Profiency is a byproduct of growth, not the other way around. So if our teachers are pushing our students, setting the bar high, and not waivering in their expectations, then we see growth. When we see growth, proficiency takes care of itself.

    I am of the opinion that those schools that are consistently showing the highest academic growth numbers are actually our best schools. Just a thought.

  • tracmister Apr 11, 8:25 p.m.

    There is one statement that is absolutely correct in this article. If two-thirds or more of all schools receive a grade of D or F, we will lose business. Instead of politicians, like Berger, deciding a grading system, lets look and see what the upper end schools overseas are doing.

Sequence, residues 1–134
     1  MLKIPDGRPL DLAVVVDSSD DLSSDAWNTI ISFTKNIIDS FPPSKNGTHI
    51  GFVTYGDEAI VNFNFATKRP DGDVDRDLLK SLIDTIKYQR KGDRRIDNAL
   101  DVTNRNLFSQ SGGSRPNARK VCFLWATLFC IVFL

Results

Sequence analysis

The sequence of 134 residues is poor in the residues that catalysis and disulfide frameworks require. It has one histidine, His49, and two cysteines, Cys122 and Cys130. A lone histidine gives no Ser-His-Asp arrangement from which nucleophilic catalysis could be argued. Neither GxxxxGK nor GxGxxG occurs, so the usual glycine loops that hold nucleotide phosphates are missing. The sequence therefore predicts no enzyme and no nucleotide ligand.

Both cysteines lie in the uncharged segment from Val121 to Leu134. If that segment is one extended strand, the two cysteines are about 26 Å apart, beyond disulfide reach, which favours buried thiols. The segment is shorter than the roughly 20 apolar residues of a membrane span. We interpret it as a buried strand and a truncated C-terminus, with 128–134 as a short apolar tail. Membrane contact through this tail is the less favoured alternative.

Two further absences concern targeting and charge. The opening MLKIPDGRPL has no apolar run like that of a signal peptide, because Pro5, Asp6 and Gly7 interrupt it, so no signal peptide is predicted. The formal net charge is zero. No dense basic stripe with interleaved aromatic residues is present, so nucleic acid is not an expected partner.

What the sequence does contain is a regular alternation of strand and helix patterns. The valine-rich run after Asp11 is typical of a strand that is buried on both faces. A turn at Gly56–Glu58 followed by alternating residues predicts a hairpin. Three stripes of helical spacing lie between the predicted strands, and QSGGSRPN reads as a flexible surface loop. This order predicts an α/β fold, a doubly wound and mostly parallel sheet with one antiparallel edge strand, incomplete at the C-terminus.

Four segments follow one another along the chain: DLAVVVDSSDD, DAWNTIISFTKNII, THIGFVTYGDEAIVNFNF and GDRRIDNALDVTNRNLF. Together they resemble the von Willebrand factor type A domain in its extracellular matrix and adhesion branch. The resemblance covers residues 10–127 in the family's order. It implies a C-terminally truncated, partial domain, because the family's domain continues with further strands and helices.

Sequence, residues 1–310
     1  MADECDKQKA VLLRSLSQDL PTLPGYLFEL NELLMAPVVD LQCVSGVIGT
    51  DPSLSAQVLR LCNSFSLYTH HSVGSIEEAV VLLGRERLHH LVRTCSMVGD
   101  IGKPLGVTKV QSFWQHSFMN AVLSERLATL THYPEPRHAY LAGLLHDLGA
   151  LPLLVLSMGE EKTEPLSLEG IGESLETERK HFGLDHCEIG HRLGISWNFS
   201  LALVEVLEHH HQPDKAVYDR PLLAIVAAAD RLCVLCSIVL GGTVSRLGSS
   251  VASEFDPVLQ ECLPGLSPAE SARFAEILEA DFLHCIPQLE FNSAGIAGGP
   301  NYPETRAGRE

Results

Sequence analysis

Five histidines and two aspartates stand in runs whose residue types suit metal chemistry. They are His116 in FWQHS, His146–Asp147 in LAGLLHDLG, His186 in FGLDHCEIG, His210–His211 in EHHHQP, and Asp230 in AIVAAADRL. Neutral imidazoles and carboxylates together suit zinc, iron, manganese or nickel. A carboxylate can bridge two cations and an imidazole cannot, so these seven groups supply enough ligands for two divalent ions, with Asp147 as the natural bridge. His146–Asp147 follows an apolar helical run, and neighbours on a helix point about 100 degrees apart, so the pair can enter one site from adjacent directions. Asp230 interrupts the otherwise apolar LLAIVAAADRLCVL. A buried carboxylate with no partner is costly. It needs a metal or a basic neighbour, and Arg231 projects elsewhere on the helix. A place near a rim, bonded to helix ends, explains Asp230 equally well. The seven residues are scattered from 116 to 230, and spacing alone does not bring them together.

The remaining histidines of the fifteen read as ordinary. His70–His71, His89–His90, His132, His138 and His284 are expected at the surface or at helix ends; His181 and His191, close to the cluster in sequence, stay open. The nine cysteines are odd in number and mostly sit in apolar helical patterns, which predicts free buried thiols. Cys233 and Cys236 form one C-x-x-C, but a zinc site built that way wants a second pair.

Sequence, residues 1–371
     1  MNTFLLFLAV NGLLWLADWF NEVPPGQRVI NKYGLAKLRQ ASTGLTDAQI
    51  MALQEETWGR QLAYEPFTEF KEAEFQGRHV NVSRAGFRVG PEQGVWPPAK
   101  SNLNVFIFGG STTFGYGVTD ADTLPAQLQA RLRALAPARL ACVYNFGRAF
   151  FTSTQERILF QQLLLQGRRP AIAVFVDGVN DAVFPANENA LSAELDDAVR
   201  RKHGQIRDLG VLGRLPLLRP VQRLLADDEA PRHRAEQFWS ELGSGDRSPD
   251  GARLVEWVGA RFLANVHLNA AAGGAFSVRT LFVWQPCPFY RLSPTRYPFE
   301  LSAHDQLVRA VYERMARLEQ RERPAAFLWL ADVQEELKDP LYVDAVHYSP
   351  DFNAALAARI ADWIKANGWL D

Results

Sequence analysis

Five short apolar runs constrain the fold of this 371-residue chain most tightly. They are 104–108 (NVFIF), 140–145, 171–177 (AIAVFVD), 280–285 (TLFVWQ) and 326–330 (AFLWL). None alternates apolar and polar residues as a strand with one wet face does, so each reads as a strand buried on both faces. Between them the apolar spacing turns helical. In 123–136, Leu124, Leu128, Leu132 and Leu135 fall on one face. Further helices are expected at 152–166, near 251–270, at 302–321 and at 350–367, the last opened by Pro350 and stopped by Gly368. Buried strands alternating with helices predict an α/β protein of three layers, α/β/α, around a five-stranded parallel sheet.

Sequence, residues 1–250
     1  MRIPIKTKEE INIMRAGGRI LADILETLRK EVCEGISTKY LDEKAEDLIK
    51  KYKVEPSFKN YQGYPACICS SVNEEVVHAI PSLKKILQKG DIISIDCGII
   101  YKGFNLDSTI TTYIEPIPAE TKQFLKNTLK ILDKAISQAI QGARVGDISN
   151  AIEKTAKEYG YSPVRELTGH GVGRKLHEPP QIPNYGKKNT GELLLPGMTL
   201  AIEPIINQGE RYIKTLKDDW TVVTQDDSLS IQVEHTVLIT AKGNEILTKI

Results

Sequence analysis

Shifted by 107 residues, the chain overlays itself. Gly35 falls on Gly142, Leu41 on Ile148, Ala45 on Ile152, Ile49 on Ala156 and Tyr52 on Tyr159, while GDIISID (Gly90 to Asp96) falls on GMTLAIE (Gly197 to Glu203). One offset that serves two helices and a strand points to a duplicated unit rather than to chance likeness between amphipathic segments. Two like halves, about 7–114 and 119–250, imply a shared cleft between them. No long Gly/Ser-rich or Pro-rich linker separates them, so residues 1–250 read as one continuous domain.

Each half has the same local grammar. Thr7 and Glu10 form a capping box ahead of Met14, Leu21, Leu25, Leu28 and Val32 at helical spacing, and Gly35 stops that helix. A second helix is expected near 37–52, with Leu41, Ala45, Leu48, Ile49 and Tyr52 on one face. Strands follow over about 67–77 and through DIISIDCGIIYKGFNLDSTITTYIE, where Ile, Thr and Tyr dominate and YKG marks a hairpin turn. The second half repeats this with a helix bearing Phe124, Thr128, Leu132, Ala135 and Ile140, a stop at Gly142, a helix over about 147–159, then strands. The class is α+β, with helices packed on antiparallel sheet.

• Plenty Coups Apr 11, 7:35 p.m.

    Dr. Atkinson is an elected official who's been a teacher and actually knows a little bit about education. Berger's a political ideologue with an agenda. Competition??? Public schools do as good as or better than charter schools and/or private schools once you adjust for population variables. Why do Charter schools get less accountability for taxpayer dollars and a different set of rules? Why shouldn't all public schools get to play by the same set of rules?

  • Spock Apr 11, 5:58 p.m.

    Dr. Atkinson is a clear case of somebody that should have NEVER received tenure. Her opinions are from an old school that cannot help the inspiration of competition and improvement. DO NOT allow this gal to reduce the overall education standards of our state any further.